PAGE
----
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Introduction of CNC Milling to First-Year Engineering Students with Interests in Nanotechnology and Microfluidics

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Conference

2012 ASEE Annual Conference & Exposition

Location

San Antonio, Texas

Publication Date

June 10, 2012

Start Date

June 10, 2012

End Date

June 13, 2012

ISSN

2153-5965

Conference Session

FPD II: Hands-on Curriculum in the First Year

Tagged Division

First-Year Programs

Page Count

10

Page Numbers

25.849.1 - 25.849.10

DOI

10.18260/1-2--21607

Permanent URL

https://sftp.asee.org/21607

Download Count

498

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Paper Authors

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Scott Michael Abernathy Ohio State University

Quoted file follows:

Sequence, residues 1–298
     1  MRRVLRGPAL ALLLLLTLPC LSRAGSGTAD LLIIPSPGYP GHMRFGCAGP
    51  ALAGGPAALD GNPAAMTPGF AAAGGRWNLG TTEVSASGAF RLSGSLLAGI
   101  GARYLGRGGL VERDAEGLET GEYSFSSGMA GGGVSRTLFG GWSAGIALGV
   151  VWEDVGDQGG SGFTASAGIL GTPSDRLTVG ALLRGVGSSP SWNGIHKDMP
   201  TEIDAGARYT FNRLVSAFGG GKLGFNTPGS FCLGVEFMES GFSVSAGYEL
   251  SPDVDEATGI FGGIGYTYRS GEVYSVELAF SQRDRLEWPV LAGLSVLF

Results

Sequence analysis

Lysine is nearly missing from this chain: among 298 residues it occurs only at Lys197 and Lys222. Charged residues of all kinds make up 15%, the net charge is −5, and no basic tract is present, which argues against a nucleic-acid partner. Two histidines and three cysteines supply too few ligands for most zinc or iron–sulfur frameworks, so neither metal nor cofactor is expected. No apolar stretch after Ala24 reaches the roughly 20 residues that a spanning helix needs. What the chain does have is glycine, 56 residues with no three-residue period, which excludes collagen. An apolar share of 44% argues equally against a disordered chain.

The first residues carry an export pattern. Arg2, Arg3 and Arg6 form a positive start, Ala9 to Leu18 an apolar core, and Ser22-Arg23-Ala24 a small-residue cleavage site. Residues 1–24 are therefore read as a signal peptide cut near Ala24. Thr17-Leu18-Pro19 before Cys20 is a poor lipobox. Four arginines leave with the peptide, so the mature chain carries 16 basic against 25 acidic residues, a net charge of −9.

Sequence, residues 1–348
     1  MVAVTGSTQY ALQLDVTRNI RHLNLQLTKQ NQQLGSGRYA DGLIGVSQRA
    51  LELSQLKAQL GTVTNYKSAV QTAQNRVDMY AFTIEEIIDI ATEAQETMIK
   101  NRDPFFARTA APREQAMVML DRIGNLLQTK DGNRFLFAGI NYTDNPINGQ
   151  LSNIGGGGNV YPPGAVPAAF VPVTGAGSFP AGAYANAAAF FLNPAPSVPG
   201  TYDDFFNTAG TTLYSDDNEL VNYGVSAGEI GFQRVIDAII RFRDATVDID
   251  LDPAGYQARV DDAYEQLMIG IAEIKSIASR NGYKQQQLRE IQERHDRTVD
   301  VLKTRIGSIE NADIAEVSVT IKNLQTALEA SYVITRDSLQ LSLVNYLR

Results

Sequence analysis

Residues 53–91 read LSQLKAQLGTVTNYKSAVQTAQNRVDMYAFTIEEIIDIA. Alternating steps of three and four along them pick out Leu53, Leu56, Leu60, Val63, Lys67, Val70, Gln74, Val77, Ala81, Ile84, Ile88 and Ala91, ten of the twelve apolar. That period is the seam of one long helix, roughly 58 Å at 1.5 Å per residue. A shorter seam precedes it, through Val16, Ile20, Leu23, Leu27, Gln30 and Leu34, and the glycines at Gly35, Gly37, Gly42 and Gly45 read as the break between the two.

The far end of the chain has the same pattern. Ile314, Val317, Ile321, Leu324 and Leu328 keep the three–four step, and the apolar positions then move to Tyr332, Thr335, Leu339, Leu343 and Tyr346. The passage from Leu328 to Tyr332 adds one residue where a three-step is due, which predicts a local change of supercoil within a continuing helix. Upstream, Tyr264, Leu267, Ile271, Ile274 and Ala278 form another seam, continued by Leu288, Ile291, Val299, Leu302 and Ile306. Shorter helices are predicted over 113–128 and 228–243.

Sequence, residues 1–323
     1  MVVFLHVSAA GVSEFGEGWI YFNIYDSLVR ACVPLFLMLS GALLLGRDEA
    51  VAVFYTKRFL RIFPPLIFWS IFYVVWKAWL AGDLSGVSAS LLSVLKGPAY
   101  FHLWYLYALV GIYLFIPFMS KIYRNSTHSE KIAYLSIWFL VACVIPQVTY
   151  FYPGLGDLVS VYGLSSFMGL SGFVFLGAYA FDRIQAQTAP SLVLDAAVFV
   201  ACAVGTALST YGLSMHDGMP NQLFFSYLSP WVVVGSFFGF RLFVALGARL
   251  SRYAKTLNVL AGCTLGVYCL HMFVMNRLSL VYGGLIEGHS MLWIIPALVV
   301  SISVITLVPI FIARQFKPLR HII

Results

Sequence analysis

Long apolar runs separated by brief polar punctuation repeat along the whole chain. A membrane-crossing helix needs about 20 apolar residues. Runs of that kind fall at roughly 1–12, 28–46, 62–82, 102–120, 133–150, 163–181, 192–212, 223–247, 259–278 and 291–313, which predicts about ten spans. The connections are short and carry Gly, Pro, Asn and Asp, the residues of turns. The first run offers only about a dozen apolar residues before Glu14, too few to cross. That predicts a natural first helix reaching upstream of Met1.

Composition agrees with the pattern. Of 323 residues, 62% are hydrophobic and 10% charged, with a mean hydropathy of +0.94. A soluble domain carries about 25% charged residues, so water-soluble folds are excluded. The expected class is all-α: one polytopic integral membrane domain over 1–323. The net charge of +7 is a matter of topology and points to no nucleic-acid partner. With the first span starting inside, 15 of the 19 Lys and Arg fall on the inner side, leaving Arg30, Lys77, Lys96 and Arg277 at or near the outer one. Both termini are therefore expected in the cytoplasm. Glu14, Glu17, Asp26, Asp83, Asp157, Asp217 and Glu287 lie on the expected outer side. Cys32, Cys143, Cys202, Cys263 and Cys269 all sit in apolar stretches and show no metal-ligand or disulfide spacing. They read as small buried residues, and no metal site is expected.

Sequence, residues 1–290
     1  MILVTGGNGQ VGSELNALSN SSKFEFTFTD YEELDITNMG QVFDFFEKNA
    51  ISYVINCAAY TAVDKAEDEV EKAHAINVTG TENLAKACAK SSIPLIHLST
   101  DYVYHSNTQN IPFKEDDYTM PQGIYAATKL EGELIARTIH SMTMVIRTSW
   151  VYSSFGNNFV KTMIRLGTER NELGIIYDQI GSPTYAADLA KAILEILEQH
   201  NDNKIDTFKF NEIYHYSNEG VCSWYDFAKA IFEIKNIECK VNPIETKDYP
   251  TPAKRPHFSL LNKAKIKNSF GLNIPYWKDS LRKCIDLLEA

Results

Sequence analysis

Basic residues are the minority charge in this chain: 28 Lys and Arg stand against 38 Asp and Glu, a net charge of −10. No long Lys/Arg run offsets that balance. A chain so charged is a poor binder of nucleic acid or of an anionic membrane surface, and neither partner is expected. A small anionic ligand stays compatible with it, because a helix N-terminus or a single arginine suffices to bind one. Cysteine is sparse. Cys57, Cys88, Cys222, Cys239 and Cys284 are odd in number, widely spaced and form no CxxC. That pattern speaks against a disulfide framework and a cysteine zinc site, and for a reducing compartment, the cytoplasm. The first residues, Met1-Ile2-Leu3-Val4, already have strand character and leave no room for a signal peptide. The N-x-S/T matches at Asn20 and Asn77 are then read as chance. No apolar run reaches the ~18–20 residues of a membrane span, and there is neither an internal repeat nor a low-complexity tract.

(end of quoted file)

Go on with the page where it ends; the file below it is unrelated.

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Scott Abernathy is currently an undergraduate student studying mechanical engineering at the Ohio State University. He works for the First-year Engineering program as a Teaching Assistant and works with the nanotechnology and microfluidics design class.

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biography

Barbara Elizabeth Carruthers Ohio State University

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Barbara Carruthers is a graduate Teaching Assistant at the Ohio State University's First-year Engineering program. She is currently pursuing her master's degree in mechanical engineering.

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Kayla Fay Presley Ohio State University

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Paul Alan Clingan Ohio State University

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Engineering Education and Innovation Center

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Abstract